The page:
Posts Categorized: Fiction

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40.1 SNEAK PEEK: ARABIC LESSON by LATIFA AYAD

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Latifa Ayad is a Libyan-American writer whose fiction and nonfiction confronts issues of identity. Her work has appeared or is forthcoming in Crab Orchard Review, The Normal School, Whiskey Island Magazine, and The Stockholm Review. Her piece “Out and Out” won The Master’s Review/PEN America 2017 Flash Fiction contest. Ayad holds her MFA from Florida State University.

 

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40.1 SNEAK PEEK: excerpt of DAY OF REST by KAITLYN ANDREWS-RICE

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Kaitlyn Andrews-Rice received her MFA from American University, where she served as Editor-in-Chief of Folio. She is the editor of Split Lip Magazine, and her short fiction appears or is forthcoming in Booth and Copper Nickel. She lives and writes in Manchester-by-the-Sea, Massachusetts. Find her online @thelegitkar or thelegitkar.com.

 

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40.1 SNEAK PEEK: excerpt of THE ABSOLUTELY TRUE AUTOBIOGRAPHY OF TONY RINALDI, THE MAN WHO CHANGED PRO WRESTLING FOREVER by SALVATORE PANE

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Salvatore Pane is the author of the novel Last Call in the City of Bridges in addition to Mega Man 3 from Boss Fight Books. His work has appeared in American Short Fiction, Hobart, Paste, and many other venues. He teaches at the University of St. Thomas and can be reached at www.salvatore-pane.com or @salpane on Twitter.

 

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40.1 SNEAK PEEK: excerpt of PESTILENCE by MIKE ALBERTI

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Mike Alberti was born and raised in New Mexico. He received his MFA in fiction from the University of Minnesota. His short stories are found or forthcoming in Colorado Review, Crazyhorse, The Florida Review, Gulf Coast, One Story, and elsewhere. He lives in Minneapolis, where he is at work on a novel.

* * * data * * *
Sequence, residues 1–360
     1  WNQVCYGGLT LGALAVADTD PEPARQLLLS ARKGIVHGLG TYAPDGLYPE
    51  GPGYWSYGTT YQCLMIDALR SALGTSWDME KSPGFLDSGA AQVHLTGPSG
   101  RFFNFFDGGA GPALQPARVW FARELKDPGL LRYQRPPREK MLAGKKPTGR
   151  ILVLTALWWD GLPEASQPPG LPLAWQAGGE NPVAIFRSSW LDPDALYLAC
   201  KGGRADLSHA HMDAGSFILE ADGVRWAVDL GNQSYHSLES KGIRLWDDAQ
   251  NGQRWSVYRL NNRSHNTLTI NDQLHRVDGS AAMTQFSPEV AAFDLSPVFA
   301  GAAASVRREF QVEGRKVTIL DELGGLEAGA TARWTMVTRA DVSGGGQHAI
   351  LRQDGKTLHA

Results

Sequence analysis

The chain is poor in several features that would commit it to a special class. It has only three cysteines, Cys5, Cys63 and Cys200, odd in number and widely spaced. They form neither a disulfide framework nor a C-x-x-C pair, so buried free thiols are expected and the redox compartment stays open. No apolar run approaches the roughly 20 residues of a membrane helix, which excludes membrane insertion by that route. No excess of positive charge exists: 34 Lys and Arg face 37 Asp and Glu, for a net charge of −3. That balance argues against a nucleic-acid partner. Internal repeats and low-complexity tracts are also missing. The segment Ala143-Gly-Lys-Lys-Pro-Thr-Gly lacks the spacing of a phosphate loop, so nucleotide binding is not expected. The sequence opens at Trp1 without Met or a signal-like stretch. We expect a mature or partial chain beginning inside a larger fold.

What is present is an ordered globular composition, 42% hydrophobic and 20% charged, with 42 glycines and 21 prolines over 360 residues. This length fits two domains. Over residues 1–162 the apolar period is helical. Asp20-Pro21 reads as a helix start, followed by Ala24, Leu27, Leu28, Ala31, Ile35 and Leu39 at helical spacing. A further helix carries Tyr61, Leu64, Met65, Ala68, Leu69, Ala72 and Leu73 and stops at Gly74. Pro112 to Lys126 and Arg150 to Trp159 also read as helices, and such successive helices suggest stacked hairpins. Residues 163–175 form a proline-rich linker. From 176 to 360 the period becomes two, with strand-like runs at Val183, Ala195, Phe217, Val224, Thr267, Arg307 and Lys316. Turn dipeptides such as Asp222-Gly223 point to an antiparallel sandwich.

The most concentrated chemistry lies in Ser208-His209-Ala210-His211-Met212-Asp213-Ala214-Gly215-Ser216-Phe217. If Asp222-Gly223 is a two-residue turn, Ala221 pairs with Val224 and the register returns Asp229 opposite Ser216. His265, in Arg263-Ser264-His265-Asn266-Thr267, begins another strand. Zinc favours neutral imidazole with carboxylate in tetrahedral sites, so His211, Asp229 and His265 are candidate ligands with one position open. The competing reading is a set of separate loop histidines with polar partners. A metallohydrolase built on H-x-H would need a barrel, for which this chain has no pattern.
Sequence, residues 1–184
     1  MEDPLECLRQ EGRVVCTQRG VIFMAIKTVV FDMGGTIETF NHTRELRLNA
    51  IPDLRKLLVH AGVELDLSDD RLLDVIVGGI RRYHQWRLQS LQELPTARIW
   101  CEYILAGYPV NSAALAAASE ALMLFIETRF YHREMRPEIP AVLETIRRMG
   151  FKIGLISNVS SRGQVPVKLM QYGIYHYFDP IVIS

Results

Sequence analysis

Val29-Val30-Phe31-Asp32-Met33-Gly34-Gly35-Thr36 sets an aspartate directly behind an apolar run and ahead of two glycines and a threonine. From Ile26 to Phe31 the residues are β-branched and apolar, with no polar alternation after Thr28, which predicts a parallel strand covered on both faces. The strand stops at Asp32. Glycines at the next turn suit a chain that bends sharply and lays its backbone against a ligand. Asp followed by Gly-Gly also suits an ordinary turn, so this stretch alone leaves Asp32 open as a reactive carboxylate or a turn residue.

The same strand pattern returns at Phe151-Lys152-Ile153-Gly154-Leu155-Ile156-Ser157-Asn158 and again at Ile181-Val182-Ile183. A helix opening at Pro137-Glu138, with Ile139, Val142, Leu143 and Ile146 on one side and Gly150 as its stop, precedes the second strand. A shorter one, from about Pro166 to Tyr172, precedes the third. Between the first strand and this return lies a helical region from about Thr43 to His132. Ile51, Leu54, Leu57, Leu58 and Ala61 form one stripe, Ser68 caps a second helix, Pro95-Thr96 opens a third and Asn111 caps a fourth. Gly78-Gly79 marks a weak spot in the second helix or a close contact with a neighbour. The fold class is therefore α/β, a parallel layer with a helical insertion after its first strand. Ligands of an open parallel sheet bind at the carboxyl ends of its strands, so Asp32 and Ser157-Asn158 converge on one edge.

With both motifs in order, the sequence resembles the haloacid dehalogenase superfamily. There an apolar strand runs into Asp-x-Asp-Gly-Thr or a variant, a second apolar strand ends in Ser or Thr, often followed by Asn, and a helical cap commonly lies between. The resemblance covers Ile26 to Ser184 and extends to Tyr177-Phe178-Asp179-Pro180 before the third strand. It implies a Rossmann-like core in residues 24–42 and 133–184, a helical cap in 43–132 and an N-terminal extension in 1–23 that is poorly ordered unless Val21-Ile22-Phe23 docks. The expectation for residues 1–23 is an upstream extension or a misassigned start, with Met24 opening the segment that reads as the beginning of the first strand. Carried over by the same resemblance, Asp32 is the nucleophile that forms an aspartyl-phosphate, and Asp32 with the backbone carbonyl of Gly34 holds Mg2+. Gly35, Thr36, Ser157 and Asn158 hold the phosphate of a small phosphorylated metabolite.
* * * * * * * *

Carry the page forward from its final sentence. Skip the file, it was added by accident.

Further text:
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Fiction Feature: “The Girl Who Ate Her Own Skin” by Rae Paris

Cilia knew they were in for it when they found the mother on the good couch in the living room, sipping wine, looking at old photos in her college yearbook. “Look at that waist,” she said. “I was something.

The older daughters, Margaret and Theresa, looked over the mother’s shoulders at the photos: skirt below the knees, freshly ironed shirt buttoned to the neck, relaxed hair curled under. “Were you really that dorky?” they asked at the same time. They looked at each other and laughed, proud of themselves, as if they had planned it.

“I was something,” the mother repeated, not as strong. Her words slipped and slid into one another, like a train wreck.

Margaret and Theresa laughed again. They were “almost seventeen” and “almost sixteen,” as they liked to remind everyone. They spent most of their time on the phone, giggling, a sheet over their heads for privacy, which made them look like giggling ghosts.

Anne and Cilia sat on either side of the mother. They had seen the photos before, but each time the pictures startled and confused Cilia. The mother had gone to a segregated school in New Orleans. Even though she had been segregated, the mother looked young and happy. She had a nickname typed next to her photo: “Bootsy.” It was full of promise, like a pair of new, black, patent leather shoes. Cilia didn’t understand who this “Bootsy” woman was. “That’s you? That’s really you?” she asked. Cilia turned to Anne. “Can you believe it?”

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